Even if summer is not techincally here, it feels like summer all over Florida, and if red wine is your typical choice, you should consider some cooler white wine options that still appeal to a red wine-focused palate.
I have to admit that I tend to drink more reds than whites, but I’ve really come to embrace a range of less common whites during the hot months. I look to wines that have more of a nose, both aroma and bouquet, since red wine tends to have more going on smell-wise. I also look to wines that aren’t flabby (i.e. Chardonnay), but have a zesty acidity, a brisk mineral character, that also shows complexity, a hallmark of most red wines. Since we all love a Top Ten List, here’s mine for summertime whites, both blends and monovarietals, which might not be on your radar but should be!
- Nadia Bianco by La Cappucina – This Garganega and Sauvignon Blanc blend from the Veneto has lovely floral notes, mainly from the indigenous grape of the region and the main component of Soave, Garganega. The Sauvignon Blanc brings that bright acidity, to really lengthen the finish. For $10 per bottle this wine should be your pick for any Beach Blanket Bingo, or just to pair with some fresh seafood!
- Aragosta Vermentino di Sardegna – Another Italian wine, this time from the island of Sardinia, where the grape Vermentino is the white king. The floral notes to this wine tend a little more to the herbal, and again on the palate, a brisk acidity with a strong mineral backbone make this a flavorful option for any seafood dish (there’s a picture of a prawn on the label) or just pair it with cheese and fruit. Under $15 this white has way more zip than your typical Pinot Grigio.
- Petite Roubié Picpoul de Pinet – This French wine from the Languedoc has had quite a resurgence in the last decade. Grown right on the Mediterranean coast, Picpoul has a saltiness to its minerality, and again herbal flowers dominate the nose with some tart fruit components, like carambola or quince, on the palate. They pair it with local shellfish and seafood dishes and most are under $12 per bottle.
- Ballot Millot Aligoté – This lesser-known White Burgundy grape was the original wine used to create the classic Kir (just add some Crème de Cassis, and Voila! You have Kir). It’s related to Pinot Noir and Chardonnay but has a citrus zestiness and a more pronounced mineral component than the typical Chardonnay. The wine is still richer on the palate than most of these whites, but not heavy, and though it’s about $17 per bottle, it’s still a better deal than most White Burgundies.
- Valckenberg Pinot Blanc – Just over the border we find the German wine region of Rheinhessen where these grapes are grown. Not that far from Alsace and Burgundy, this German wine has a truly French character and is such a deal under $15. Pinot Blanc, the white clone of Pinot Noir, has Chardonnay-like characteristics but with a little more elegance and finesse. There is a rounder mouthfeel, but very little oak, to let the fruit acids shine through. Pair this with scallops and lobster or creamy cheeses.
- Casas del Bosque Sauvignon Blanc – From the cooler coastal Chilean wine region of Casablanca, this is one of the best Sauvignon Blancs I’ve ever had from Chile. Yes, there is gooseberry and a hint of grapefruit, but compared to most New Zealand Sauvy, this grapefruit is subtle, part of a larger citrus salad of aromas and flavors. Everything you like about a Sauvignon Blanc with just a little elegance on the finish, and it’s $12 per bottle with some impressive scores!
- Jules Taylor Grüner Veltliner – An Austrian grape grown in New Zealand and made into a crisp wine by one of the best winemakers “Down Under Over.” This is the perfect sushi wine, where the subtle mineral notes don’t overwhelm the complexity of sushi, yet still cleanses the palate in a delightful way. Don’t let the tall, thin bottle fool you, this is not sweet, though there are some tart apple and lime zest components. At $15 this wine gives you a lot of flavor for the price.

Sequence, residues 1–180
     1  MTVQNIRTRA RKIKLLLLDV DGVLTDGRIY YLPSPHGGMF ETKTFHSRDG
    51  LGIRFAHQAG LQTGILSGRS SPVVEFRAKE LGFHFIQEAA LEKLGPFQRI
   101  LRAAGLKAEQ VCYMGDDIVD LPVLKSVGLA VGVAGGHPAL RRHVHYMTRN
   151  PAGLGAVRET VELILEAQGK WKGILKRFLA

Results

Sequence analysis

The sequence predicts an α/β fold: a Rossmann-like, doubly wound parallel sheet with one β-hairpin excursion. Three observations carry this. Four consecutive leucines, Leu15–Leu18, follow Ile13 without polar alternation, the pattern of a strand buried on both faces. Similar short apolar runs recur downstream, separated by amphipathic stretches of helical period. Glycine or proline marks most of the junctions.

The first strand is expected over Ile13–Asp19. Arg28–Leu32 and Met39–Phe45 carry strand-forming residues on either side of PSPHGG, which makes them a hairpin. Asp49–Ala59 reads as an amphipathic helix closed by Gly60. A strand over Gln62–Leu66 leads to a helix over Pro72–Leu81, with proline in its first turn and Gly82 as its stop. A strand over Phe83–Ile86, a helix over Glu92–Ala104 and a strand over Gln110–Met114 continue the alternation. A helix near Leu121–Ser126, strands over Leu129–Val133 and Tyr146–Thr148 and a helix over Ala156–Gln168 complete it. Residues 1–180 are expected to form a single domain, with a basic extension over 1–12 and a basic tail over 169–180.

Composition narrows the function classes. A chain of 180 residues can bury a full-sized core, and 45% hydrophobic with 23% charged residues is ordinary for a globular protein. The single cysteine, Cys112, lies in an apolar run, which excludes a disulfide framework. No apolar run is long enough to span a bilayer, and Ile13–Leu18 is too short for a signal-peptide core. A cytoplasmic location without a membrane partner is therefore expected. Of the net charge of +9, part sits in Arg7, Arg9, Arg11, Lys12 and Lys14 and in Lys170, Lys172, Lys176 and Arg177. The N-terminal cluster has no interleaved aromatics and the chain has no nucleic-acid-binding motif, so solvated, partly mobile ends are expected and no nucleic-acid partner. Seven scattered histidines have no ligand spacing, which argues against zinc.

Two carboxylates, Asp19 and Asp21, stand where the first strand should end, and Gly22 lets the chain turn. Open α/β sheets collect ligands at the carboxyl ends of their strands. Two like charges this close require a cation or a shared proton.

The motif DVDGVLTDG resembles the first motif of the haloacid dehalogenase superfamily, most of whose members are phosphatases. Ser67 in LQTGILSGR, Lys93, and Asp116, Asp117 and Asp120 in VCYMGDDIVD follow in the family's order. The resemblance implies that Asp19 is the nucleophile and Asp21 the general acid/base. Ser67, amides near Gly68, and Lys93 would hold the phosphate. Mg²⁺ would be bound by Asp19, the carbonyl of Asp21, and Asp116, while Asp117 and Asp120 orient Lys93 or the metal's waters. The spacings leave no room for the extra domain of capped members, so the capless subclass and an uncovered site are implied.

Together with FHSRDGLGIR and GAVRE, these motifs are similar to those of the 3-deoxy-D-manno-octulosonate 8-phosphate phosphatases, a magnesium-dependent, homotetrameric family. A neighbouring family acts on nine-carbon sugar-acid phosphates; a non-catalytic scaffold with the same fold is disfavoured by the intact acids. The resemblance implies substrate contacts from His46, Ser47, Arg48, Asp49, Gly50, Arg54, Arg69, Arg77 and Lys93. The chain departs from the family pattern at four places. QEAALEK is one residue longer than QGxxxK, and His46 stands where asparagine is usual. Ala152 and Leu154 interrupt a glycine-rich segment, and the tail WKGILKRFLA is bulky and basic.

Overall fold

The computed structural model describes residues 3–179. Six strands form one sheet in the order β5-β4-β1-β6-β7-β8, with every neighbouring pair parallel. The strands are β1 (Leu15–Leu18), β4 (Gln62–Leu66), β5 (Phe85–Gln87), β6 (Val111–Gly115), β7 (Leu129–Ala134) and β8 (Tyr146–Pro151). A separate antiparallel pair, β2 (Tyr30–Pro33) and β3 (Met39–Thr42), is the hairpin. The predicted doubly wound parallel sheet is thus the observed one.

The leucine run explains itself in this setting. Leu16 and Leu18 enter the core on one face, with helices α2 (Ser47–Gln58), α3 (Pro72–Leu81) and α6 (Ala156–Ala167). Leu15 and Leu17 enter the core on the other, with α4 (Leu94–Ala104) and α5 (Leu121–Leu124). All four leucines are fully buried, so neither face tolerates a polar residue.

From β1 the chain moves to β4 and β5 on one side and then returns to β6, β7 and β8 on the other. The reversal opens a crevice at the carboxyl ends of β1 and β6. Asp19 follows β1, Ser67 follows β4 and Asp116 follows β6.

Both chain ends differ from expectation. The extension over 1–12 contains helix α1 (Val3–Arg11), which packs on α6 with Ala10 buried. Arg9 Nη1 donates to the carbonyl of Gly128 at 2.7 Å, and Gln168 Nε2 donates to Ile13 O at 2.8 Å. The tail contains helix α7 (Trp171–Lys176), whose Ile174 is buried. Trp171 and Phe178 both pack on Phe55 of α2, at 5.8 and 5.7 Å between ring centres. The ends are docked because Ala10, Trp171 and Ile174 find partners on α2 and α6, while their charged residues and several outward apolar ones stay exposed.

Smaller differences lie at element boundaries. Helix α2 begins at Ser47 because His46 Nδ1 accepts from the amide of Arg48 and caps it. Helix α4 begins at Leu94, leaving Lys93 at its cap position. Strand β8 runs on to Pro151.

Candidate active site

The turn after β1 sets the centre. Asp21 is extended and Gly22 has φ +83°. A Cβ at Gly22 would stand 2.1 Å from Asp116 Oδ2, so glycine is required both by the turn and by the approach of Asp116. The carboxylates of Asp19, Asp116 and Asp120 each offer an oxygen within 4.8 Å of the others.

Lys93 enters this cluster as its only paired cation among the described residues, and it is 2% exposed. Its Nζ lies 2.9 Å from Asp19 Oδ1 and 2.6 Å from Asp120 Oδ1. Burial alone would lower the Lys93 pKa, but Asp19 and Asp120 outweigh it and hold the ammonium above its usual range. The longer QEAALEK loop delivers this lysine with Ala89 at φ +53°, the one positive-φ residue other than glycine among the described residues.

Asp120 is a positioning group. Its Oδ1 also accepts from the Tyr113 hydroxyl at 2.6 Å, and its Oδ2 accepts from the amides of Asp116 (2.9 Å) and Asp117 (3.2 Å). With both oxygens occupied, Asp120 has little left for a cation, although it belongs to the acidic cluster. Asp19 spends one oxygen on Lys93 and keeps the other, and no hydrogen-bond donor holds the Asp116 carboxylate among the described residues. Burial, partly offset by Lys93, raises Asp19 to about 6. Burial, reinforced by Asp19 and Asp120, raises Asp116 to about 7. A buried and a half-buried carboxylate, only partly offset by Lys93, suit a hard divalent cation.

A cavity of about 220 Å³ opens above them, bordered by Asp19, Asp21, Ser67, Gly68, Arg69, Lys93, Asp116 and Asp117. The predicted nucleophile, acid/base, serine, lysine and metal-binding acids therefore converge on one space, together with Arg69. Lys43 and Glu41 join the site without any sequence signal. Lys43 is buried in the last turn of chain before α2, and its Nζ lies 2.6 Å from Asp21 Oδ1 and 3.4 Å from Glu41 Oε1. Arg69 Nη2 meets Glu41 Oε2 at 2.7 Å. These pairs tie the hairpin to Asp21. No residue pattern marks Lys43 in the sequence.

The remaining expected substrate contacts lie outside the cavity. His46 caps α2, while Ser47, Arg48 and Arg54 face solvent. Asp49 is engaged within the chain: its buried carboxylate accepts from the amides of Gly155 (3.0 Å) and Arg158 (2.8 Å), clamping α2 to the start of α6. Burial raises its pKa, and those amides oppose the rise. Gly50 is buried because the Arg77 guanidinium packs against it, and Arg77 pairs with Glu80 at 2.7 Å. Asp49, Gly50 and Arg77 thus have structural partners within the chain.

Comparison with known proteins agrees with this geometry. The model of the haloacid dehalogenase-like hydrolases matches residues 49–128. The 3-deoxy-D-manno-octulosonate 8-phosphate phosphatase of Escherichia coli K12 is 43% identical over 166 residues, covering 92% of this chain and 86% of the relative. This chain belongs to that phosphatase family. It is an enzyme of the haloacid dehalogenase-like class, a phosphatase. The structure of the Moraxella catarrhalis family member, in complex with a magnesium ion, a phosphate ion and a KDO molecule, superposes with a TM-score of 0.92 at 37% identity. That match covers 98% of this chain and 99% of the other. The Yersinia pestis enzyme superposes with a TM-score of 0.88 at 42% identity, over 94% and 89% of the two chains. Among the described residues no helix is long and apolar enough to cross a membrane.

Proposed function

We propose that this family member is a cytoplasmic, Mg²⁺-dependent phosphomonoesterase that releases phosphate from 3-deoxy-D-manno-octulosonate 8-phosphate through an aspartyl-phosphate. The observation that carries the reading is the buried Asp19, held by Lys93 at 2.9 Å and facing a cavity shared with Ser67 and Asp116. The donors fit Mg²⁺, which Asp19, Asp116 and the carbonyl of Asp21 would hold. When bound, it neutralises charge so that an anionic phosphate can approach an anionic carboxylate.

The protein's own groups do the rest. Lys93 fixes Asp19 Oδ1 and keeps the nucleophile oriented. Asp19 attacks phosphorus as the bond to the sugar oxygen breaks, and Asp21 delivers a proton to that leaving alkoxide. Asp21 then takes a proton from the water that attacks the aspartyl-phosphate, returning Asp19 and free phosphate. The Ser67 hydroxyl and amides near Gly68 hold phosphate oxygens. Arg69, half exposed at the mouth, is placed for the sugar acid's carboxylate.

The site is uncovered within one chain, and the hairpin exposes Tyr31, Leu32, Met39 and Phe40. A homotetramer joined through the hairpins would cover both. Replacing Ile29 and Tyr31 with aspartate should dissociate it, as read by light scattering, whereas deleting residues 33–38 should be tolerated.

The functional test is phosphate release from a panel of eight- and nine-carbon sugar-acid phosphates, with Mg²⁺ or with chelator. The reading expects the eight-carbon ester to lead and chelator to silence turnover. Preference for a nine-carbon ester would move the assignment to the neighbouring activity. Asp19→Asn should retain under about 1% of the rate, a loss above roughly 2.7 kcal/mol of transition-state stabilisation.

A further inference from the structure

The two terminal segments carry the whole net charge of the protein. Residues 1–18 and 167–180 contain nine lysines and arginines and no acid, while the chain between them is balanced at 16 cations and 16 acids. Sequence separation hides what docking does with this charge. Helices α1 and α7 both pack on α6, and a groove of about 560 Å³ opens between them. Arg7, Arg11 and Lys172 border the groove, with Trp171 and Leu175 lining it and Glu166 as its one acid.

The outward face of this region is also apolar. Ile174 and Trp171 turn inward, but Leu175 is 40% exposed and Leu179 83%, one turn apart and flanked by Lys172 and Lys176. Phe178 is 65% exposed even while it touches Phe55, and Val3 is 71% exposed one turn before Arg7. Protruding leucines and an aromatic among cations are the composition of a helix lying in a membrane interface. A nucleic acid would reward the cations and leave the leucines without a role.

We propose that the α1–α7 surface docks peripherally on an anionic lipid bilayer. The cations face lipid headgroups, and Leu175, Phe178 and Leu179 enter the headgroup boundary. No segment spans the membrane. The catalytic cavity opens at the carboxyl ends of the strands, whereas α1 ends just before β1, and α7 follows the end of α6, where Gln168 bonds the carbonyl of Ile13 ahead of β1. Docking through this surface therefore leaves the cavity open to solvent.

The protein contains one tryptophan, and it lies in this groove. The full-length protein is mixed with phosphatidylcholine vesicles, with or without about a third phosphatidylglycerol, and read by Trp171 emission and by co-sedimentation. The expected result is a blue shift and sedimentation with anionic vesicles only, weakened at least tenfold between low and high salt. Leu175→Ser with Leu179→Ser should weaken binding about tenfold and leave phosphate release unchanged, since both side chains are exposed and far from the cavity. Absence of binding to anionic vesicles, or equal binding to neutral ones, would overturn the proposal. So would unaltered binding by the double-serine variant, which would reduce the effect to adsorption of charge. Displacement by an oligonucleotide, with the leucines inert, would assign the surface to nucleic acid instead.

- Edgebaston Honey Shale Hill – A South African white blend of Sauvignon Blanc and Viognier, where the former provides bright acidity and the latter ripe roundness to find a perfect balance. The Viognier also brings a classic floral nose, with honeysuckle and white flowers, without being overdone or sweet. Pair this wine with roast chicken or heavier fish like salmon or swordfish or drink alone in the afternoon as there is enough going on to make it enjoyable all on its own.
- Dalliance White – From Lake County, California, this blend is similar to #8 featuring mainly Sauvignon Blanc and Viognier, but with just a little Chardonnay and Riesling to fill it out. At under $10 per bottle this wine is a steal and gives maximum flavor for a minimum price. Made by Clay Shannon exclusively for ABC, this is the perfect wine for you summertime romance at the beach or by the pool or just one hot summer afternoon paired with an array of cheeses. Floral up front but it has refreshing acidity on the palate and a pleasantly lingering finish.
- La Ardilla Moscato – Yes this is an anomaly since it is a sweet wine, but this Spanish Moscato has a little more reserve than its Italian counterparts, though it still has the slight fizz. Even dry wine lovers can enjoy a softer, sweeter wine for brunch, that has a lower alcohol content to enable you to be productive for the rest of the day. Redolently floral, as we expect from this grape, but there is a subtlety and restraint that makes it a very pleasing package, named after a squirrel and only $12.
You don’t have to try all ten, but pick a few from the list and branch out with your RWO (Red Wine Only) friends – you may be surprised by how much you like these non-typical white wines. And remember if these don’t work for you, there are always dry rosés! Cheers!
Daniel Eddy, ABC Fine Wine & Spirits wine and spirits supervisor
Wine Pairing Examiner for Examiner.com
Follow me on Twitter @abcwineDanE